I have mostly avoided bringing political issues or commentary into this blog because I don’t think I am particularly qualified to offer expert opinion on this topic, and due to my distaste for the sort of off-topic and highly vitriolic things that infest comments sections of such blogs. However, considering the importance of what happens today, I don’t mind writing this.
I have a fairly vivid recollection of a lunch-time conversation from several years back. This was at work, in a technology company in Austin. I was with several colleagues. Most of us had originally come from another country before spending several years in the US for study and/or work – with the exception of one person who was a native Texan. We were discussing the upcoming presidential election (Bush vs. Kerry) and the fact that, for such a diverse and cosmopolitan country, there was literally no diversity in the type of people who hold the highest office. I was surprised to note that the majority of people on that table thought that this was just fine and people unnecessarily complain about this point. The native Texan, who was slightly older than the rest of us, said that the presidential race was an elaborate affair and perhaps non-WASP people were just not up to snuff for that sort of grilling. One of my South American friends wondered if there wasn’t some regulation that prevented non-whites from holding that office! And so on…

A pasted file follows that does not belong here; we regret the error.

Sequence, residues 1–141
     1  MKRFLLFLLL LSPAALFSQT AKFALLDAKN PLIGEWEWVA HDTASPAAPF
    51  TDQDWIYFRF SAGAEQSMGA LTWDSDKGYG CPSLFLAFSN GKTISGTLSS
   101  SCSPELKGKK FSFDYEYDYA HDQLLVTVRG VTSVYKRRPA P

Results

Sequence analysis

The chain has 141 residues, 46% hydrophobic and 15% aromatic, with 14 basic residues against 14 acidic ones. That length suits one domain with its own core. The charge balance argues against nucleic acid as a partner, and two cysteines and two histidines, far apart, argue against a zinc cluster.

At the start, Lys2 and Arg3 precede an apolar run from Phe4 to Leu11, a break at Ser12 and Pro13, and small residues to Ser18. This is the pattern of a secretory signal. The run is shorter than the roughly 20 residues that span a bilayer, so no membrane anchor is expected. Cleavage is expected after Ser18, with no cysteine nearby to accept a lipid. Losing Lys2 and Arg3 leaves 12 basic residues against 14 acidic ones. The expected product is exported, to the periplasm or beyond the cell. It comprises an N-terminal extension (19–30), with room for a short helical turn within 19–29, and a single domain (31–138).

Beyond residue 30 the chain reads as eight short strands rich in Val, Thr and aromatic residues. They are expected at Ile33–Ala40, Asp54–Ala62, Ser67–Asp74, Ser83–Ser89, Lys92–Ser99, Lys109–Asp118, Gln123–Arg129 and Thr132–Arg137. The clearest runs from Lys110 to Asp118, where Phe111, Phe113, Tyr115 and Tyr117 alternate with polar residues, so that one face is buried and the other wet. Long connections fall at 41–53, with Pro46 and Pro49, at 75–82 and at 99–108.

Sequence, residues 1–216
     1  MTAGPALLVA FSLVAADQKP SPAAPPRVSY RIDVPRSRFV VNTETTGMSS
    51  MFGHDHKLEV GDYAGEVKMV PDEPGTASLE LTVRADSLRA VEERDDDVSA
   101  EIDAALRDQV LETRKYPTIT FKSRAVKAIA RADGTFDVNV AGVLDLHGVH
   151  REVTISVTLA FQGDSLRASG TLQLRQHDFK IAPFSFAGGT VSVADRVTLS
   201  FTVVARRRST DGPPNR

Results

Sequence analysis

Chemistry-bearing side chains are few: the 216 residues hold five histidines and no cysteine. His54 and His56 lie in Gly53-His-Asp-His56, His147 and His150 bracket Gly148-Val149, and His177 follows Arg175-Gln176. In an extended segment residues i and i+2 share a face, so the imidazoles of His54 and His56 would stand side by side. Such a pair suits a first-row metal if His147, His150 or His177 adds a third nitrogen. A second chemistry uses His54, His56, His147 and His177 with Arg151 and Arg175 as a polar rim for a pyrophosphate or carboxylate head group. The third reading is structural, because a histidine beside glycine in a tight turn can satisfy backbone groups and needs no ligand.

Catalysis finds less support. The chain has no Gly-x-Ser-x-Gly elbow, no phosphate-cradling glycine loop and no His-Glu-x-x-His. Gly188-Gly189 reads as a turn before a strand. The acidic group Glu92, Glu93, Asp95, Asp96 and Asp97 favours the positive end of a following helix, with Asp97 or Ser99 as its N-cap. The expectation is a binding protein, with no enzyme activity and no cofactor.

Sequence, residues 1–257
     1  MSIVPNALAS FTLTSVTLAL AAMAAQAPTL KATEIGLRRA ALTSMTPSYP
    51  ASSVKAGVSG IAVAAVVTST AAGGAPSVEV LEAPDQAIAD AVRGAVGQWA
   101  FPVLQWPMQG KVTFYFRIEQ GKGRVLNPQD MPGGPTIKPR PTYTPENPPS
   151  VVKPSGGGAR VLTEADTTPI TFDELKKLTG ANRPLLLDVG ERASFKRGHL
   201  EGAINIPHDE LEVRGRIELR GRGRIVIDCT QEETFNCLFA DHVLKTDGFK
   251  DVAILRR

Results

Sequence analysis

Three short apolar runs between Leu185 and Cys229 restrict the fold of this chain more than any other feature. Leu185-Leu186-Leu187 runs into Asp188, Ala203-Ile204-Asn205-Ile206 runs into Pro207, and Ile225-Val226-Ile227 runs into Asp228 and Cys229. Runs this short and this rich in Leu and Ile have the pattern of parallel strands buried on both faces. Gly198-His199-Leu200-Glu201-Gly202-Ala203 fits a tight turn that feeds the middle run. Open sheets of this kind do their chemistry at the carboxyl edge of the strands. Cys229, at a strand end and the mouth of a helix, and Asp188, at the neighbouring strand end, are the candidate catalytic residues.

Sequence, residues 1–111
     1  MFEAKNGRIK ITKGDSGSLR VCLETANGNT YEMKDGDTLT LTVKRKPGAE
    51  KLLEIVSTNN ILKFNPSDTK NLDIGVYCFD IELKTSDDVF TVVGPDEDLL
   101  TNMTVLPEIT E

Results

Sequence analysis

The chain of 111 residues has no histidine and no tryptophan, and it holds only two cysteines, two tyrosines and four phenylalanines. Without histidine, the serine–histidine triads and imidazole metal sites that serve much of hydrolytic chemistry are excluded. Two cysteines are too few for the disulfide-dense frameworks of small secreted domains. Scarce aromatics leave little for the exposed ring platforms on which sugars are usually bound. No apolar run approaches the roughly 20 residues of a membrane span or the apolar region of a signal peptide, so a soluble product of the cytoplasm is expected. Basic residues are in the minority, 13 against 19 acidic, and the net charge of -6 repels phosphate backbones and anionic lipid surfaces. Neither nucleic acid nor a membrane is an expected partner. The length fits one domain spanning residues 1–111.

I found this whole conversation deeply disturbing. I understand that I am like most academics when it comes to politics in that I have predictably liberal or libertarian views. However, I could not believe how many of my colleagues, highly educated professionals who – in my personal experience – were very decent and kind people, were so apathetic and dismissive on such an important issue. After repeatedly hearing this sort of opinion, I began to buy into the categorization implied by the red state-blue state rhetoric. A couple of months later, when I chanced upon the famous “I have a dream” speech on the web (perhaps on YouTube), I thought that it would be a long time before that proverbial check would get cashed!
In the more recent US presidential election, although I wasn’t eligible to vote (I happen to hold residency in the USA, but not citizenship), I was an Obamaite from relatively early on. But, based on what I described earlier, I began with a deep-seated sense of pessimism about the chances of victory for this campaign. “Those people” would not let it happen, I thought. The first half of this race did nothing to convince me otherwise.
It is a tribute to the idea of America and the steadfast determination of the incoming president and his campaign that the cynicism of people like me has been shown to be more or less unfounded. And even if the check that Dr. Martin Luther King Jr. refers to in his speech hasn’t yet been fully cashed, it is good to see a first instalment being paid! And it is good to optimistically say “Yes, we can!”
PS: For those of you who have not yet heard Dr. King’s famous speech, follow the link below. This is easily one of the best speeches I have heard in my life so far!